While Montreal offers visiting foodies plenty of gourmet attractions, it’s somehow the city’s no-fuss comfort food that is most resonant in the minds of travellers. Poutine – that late-night plate of French fries, doused in a gravy-like sauce and melting cheese curds, could well be called the city’s best-known dish. Montreal’s excellent bagels and smoked meat sandwiches also attract the ravenous hordes – it turns out that New York isn’t the sole king of classic Jewish deli fare.
For those looking to hunker down and warm up with some of the city’s most comforting dishes, we’ve handpicked a few of the best places to try some beloved staples in our Montreal food guide.
Poutine is likely the top culinary offering associated with Montreal. Though its origins are murky at best, it first cropped up in the 1950s, and has been feeding the city’s hungry (and frequently intoxicated) denizens ever since. While there’s no shortage of places around town serving up poutine, one local favourite is Green Spot. This classic diner serves, count ’em, 27 different styles of poutine. And for even more options, La Banquise’s poutine array clocks in at 30 choices, including La Frank, which adds merguez sausages, and La Bacon, which...well, you get the idea.
Visitors to Montreal would also be mistaken to miss out on sampling one of the city’s bagels. For the uninitiated, Montreal bagels are distinctly different from their New York counterparts. Where the latter are large, airy whorls of dough, Montreal’s bagels are smaller, thinner, and crunchier. Boiled in water laced with honey and baked in wood-burning ovens, they’re also typically topped with fistfuls of sesame seeds.
Montreal’s bagel devotees tend to fall into one of two impassioned camps: those who flock to St.-Viateur Bagel, and those who swear by Fairmount Bagel. The two are located mere minutes from each other in Mile End, Montreal’s historically Jewish neighbourhood, and are both open 24/7 in case of bagel emergencies.
On to the final member of the Montreal food guide triumvirate: the smoked meat sandwich. A cousin to New York’s pastrami on rye, and England's salt beef, the smoked meat sandwich is different for a few reasons. Made exclusively from brisket, it’s served in thick slices that range from lean to fatty – diner’s choice. Given that it’s both cooked and smoked for longer, it’s also that much more of a flavour bomb. Schwartz’s, which bears the distinction of being the oldest deli in Montreal, is the undisputed champion of the smoked meat sandwich, and their iteration – served on rye with a bit of mustard – is hard to beat.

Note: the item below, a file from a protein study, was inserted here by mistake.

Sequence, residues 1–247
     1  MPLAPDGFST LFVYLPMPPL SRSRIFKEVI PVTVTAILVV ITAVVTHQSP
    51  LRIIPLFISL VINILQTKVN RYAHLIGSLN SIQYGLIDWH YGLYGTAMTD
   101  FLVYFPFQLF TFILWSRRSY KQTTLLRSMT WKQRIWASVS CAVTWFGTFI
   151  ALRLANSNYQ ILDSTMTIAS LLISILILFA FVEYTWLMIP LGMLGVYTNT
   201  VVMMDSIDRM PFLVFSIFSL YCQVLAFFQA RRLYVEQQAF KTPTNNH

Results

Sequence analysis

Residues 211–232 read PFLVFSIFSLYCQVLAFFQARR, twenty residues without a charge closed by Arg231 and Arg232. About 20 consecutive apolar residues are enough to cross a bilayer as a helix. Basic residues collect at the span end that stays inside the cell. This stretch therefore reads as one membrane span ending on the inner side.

Montreal also does comfort food gone haute. One of the city’s best-reviewed restaurants is Joe Beef, located in the Little Burgundy neighbourhood and a favourite of celebrity foodies the likes of Anthony Bourdain. An unabashed celebration of meat, meat, and more meat, the restaurant is the ultimate destination for the devoted carnivore. Au Pied de Cochon is another classic eatery that melds high and low influences. Famous for topping poutine with foie gras, the restaurant also serves poutine temaki, which wraps the fries in a sushi-style hand roll.
Bizarre, over-the-top, and totally inspired: in this city, there are seemingly endless ways to enjoy comfort food. Leave some extra room in your schedule (and your stomach) – you’ll need both for this culinary quest.
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Whether it's poutine, bagels, or smoked meat, what's your favourite Montreal comfort food? Have you visited any of the places mentioned in our Montreal food guide? Tell us in the comments below.
Written by Claire Bullen
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About the author: ClaireBullenClaire Bullen
Claire is a born globetrotter: before relocating to London, she spent time in New York, Paris, Philadelphia, Chicago, and San Francisco. When she's not in pursuit of the next exciting meal, she can be found haunting indie bookstores and sketching outdoors. Follow Claire @ClaireMBullen